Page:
One day after a front-page Washington Post report documented that the trustees for hospital company HCA Inc. "have written to" Senate Majority Leader Bill Frist (R-TN) "15 times detailing the sale of assets from or the contribution of assets to trusts of Frist and his family," The New York Times uncritically reported on October 25 that Frist "often said he did not know how much HCA stock he held." Times reporter Sheryl Gay Stolberg ignored the very evidence cited in a Times editorial published the same day that credited the Post with breaking the story and argued that "Mr. Frist must answer to the American people for the fact that his statements before the sale were, at the very least, misleading."
From The New York Times article on Frist, who is currently under investigation by federal prosecutors and the Securities and Exchange Commission (SEC) for initiating the sale of stock in HCA, a hospital chain founded by his family, shortly before a weak earnings report caused the company's share price to plummet:
In 2000, Mr. Frist decided to take his investments out of several Tennessee trusts and place them in a "qualified blind trust." Under Senate rules, such trusts are managed by independent trustees; the lawmaker, however, can direct the trustee to sell off an asset. Mr. Frist often said he did not know how much HCA stock he held; this year, he reported $7 million to $35 million in assets, including his HCA shares.
Records show that Mr. Frist, his wife and their children initially contributed $10 million in HCA stock to the trust, which also included stock in the pharmaceutical companies Abbott Laboratories and Johnson & Johnson. Senate rules did not require a blind trust, but Mr. Frist said last week that he wanted to go beyond what the rules required.
"I thought, 'Why not raise the bar?' " Mr. Frist told reporters. "Why not do a good deed and put everything in a blind trust where you are not the day-to-day manager, where you can proceed with business here and avoid any appearance?"
Yet, as the Post noted, the letters written by HCA trustees to Frist -- which include notice of the addition of HCA shares to Frist's trust in 2001 and 2002 -- "seem to undermine one of the major arguments the senator has used throughout his political career to rebut criticism of his ownership in HCA: that the stock was held in blind trusts beyond his control and that he had little idea of the extent of those holdings":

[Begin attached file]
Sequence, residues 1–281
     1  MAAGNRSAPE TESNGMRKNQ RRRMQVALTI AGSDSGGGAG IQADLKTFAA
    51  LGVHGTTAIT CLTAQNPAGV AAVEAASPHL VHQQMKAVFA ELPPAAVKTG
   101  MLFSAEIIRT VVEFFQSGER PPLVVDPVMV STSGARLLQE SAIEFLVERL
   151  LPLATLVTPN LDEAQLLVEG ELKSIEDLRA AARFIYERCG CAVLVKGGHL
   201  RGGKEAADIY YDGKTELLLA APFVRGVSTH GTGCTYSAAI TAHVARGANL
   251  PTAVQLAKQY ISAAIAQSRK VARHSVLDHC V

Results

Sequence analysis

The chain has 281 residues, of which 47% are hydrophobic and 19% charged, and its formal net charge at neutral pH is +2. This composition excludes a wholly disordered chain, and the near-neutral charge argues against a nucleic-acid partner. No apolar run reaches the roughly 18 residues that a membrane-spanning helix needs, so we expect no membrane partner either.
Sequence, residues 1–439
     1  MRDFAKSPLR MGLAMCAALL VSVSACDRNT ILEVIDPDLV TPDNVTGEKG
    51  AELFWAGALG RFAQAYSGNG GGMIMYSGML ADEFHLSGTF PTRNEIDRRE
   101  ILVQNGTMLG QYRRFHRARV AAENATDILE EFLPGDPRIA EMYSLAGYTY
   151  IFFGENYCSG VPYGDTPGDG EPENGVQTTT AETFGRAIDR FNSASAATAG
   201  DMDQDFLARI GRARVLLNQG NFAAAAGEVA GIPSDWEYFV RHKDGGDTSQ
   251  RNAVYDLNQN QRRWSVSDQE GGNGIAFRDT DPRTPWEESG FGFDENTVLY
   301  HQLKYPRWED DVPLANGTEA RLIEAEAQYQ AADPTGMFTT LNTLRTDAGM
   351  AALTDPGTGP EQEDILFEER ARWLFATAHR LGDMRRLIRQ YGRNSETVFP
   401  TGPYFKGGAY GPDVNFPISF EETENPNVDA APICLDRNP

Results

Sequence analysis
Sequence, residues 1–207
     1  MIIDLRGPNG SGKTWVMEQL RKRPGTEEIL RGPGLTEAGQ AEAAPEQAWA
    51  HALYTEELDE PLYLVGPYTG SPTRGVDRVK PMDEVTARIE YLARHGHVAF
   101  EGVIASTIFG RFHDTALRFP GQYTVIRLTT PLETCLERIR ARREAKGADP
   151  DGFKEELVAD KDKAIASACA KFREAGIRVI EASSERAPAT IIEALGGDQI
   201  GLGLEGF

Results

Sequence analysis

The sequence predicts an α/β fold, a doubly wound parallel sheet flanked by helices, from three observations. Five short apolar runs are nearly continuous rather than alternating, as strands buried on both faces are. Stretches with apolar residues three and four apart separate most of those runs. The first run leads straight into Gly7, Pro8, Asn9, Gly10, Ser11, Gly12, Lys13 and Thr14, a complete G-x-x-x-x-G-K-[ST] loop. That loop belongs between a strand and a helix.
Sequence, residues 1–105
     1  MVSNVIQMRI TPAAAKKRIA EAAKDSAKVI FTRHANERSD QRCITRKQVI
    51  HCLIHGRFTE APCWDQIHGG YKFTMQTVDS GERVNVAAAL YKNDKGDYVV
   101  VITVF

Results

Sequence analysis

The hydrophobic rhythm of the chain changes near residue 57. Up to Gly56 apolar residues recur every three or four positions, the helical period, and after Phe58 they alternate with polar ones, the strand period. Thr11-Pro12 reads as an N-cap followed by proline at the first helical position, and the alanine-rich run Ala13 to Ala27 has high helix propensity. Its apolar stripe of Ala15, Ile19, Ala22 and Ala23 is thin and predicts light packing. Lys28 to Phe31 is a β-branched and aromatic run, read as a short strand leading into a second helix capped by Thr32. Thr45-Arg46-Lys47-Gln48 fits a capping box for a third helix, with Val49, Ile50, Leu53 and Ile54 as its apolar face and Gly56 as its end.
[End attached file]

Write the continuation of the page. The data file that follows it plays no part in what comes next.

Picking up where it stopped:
Senate Majority Leader Bill Frist (R-Tenn.) was given considerable information about his stake in his family's hospital company, according to records that are at odds with his past statements that he did not know what was in his stock holdings.
Managers of the trusts that Frist once described as "totally blind," regularly informed him when they added new shares of HCA Inc. or other assets to his holdings, according to the documents.
Since 2001, the trustees have written to Frist and the Senate 15 times detailing the sale of assets from or the contribution of assets to trusts of Frist and his family. The letters included notice of the addition of HCA shares worth $500,000 to $1 million in 2001 and HCA stock worth $750,000 to $1.5 million in 2002. The trust agreements require the trustees to inform Frist and the Senate whenever assets are added or sold.
The letters seem to undermine one of the major arguments the senator has used throughout his political career to rebut criticism of his ownership in HCA: that the stock was held in blind trusts beyond his control and that he had little idea of the extent of those holdings.